***************** SYSKEY IS ENABLED! **************
This installation very likely has the syskey passwordhash-obfuscator installed
It's currently in mode = -1, Unknown-mode
SYSKEY is on! However, DO NOT DISABLE IT UNLESS YOU HAVE TO!
This program can change passwords even if syskey is on, however
if you have lost the key-floppy or passphrase you can turn it off,
but please read the docs first!!!

** IF YOU DON'T KNOW WHAT SYSKEY IS YOU DO NOT NEED TO SWITCH IT OFF!**
NOTE: On WINDOWS 2000 it will not be possible
to turn it on again! (and other problems may also show..)

NOTE: Disabling syskey will invalidate ALL
passwords, requiring them to be reset. You should at least reset the
administrator password using this program, then the rest ought to be
done from NT.

Do you really wish to disable SYSKEY? (y/n) [n]
RID     : 0500 [01f4]
Username: Administrator
fullname:
comment : Built-in account for administering the computer/domain
homedir : 

User is member of 1 groups:
00000220 = Administrators (which has 2 members)

Account bits: 0x0210 =
[ ] Disabled        | [ ] Homedir req.    | [ ] Passwd not req. |
[ ] Temp. duplicate | [X] Normal account  | [ ] NMS account     |
[ ] Domain trust ac | [ ] Wks trust act.  | [ ] Srv trust act   |
[X] Pwd don't expir | [ ] Auto lockout    | [ ] (unknown 0x08)  |
[ ] (unknown 0x10)  | [ ] (unknown 0x20)  | [ ] (unknown 0x40)  | 

Failed login count: 1, while max tries is: 0
Total  login count: 1

- - - - User Edit Menu:
 1 - Clear (blank) user password
 2 - Edit (set new) user password (careful with this on XP or Vista)
 3 - Promote user (make user an administrator)
 4 - Unlock and enable user account [probably locked now]
 q - Quit editing user, back to user select
Select: [q] >

Depending on the status of the SYSKEY password security, you may only be able to blank the password and not actually change it. I recommend blanking the password and then resetting it once you log into the system.

You can also unlock a system if the user accounts have all been locked out due to too many login attempts or any other reason. Using these tools you can gain access to almost any unencrypted Windows system, from Windows NT up to Windows 7.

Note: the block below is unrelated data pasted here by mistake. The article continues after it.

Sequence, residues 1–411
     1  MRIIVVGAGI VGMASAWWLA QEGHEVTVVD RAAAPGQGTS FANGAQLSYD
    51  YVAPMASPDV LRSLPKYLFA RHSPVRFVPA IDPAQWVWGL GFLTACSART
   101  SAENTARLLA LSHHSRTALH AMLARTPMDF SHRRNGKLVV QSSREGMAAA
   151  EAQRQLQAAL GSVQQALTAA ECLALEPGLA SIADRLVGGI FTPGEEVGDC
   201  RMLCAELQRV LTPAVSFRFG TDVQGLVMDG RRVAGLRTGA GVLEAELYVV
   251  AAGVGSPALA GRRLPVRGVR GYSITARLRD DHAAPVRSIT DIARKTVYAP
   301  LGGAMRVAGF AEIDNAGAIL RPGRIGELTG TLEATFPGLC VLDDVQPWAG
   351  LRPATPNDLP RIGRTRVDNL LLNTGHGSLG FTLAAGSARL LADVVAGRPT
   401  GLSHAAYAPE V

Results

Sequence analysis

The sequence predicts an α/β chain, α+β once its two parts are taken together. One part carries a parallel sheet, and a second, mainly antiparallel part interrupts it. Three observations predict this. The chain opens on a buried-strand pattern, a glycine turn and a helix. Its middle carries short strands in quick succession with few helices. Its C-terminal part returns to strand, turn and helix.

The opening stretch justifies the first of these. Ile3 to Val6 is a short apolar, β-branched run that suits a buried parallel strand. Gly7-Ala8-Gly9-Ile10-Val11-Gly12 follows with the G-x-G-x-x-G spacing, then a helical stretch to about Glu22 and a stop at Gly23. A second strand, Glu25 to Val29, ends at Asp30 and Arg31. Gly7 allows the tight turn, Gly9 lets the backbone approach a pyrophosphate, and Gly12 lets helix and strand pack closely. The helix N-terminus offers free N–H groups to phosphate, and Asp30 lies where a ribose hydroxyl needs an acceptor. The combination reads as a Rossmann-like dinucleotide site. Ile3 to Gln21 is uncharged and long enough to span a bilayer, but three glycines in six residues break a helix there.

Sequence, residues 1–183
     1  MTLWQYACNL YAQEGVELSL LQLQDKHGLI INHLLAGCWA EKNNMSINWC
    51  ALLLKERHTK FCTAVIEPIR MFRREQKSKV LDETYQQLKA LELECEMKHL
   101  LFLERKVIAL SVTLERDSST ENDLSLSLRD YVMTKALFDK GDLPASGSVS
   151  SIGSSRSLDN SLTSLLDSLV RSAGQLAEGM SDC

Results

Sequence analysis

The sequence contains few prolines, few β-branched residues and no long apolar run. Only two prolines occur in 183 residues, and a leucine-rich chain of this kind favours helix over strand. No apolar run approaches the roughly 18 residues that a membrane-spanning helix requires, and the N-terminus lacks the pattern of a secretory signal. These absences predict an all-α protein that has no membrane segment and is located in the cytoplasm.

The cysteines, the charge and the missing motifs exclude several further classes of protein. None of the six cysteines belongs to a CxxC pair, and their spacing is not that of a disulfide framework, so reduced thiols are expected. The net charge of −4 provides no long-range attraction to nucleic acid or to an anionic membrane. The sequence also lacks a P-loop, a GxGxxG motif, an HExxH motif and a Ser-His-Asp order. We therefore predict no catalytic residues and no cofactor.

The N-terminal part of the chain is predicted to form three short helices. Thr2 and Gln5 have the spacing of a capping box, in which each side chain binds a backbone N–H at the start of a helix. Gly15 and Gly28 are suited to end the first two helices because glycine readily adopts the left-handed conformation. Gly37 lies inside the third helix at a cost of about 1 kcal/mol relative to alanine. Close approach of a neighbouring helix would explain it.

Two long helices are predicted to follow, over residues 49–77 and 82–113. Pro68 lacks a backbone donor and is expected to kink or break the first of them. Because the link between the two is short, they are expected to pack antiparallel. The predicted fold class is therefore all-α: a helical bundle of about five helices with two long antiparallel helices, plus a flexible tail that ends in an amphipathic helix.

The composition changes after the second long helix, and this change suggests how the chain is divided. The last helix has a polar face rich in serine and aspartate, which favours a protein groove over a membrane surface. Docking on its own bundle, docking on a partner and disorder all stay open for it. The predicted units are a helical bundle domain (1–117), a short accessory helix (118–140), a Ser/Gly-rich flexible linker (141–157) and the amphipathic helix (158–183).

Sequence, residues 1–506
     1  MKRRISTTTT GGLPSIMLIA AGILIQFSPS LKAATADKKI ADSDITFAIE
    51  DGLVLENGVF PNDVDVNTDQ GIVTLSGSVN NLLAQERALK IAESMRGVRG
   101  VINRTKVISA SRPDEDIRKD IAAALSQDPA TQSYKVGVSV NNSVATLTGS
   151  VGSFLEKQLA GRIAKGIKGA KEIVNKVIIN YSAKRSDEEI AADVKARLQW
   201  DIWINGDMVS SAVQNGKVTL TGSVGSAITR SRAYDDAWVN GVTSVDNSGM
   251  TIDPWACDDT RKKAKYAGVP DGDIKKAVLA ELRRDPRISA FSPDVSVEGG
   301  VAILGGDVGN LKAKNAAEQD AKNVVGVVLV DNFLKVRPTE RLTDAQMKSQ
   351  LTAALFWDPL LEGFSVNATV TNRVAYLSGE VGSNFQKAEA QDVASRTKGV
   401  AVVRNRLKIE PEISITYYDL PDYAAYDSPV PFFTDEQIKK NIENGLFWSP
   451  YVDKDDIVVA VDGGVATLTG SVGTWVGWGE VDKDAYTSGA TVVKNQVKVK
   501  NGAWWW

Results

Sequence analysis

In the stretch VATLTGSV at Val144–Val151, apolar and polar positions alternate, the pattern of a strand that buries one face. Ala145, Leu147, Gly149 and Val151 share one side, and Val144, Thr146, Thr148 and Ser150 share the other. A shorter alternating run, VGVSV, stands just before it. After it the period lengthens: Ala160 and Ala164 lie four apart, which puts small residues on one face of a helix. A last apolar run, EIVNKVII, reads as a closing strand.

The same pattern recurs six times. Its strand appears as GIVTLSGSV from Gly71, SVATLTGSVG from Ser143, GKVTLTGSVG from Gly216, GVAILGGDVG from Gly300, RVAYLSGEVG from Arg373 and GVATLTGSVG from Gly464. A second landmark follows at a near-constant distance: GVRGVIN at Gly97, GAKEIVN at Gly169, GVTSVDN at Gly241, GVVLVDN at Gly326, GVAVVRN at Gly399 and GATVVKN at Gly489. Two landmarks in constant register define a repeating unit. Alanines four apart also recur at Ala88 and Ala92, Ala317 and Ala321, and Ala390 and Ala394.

As a warning, If there is data on the hard drive you wish to keep, make sure to make a backup of the hard drive before performing this password as it can corrupt the Windows installation.

Ubuntu Server in Place Network Upgrade From 8.10 to 9.04

Ubuntu Upgrade

It is easy to do an in-place upgrade of Ubuntu Server from 8.10 ‘Intrepid Ibex‘ to 9.04 ‘Jaunty Jackalope‘. You can do this remotely over ssh or whatever you use to control your server. Best practices say to make sure to backup your server before doing the upgrade. I’ve done several servers this way with no issues!

Issue the command:

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sudo apt-get update; sudo apt-get upgrade; sudo apt-get install update-manager-core; sudo do-release-upgrade

Follow any prompts to first upgrade the current distribution with the newest packages, then do the release upgrade.

Apt-get Update GPG Key Errors and Fix

Running sudo apt-get upgrade, I started getting this error:

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Reading package lists... Done
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W: GPG error: http://ppa.launchpad.net intrepid Release: The following signatures couldn't be verified because the public key is not available: NO_PUBKEY 313D312748A22A95
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W: You may want to run apt-get update to correct these problems

Ah ha! But apt-get update is the command causing this problem.

The solution is to import this key from the gpg servers; I don’t know why this isn’t done automatically, but here is it:

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sudo apt-key adv --recv-keys --keyserver keyserver.ubuntu.com 313D312748A22A95; gpg --export --armor 313D312748A22A95 | sudo apt-key add -

Resulting in:

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Executing: gpg --ignore-time-conflict --no-options --no-default-keyring --secret-keyring /etc/apt/secring.gpg --trustdb-name /etc/apt/trustdb.gpg --keyring /etc/apt/trusted.gpg --recv-keys --keyserver keyserver.ubuntu.com 313D312748A22A95
gpg: requesting key 48A22A95 from hkp server keyserver.ubuntu.com
gpg: key 48A22A95: public key "Launchpad PPA for Filip Brcic" imported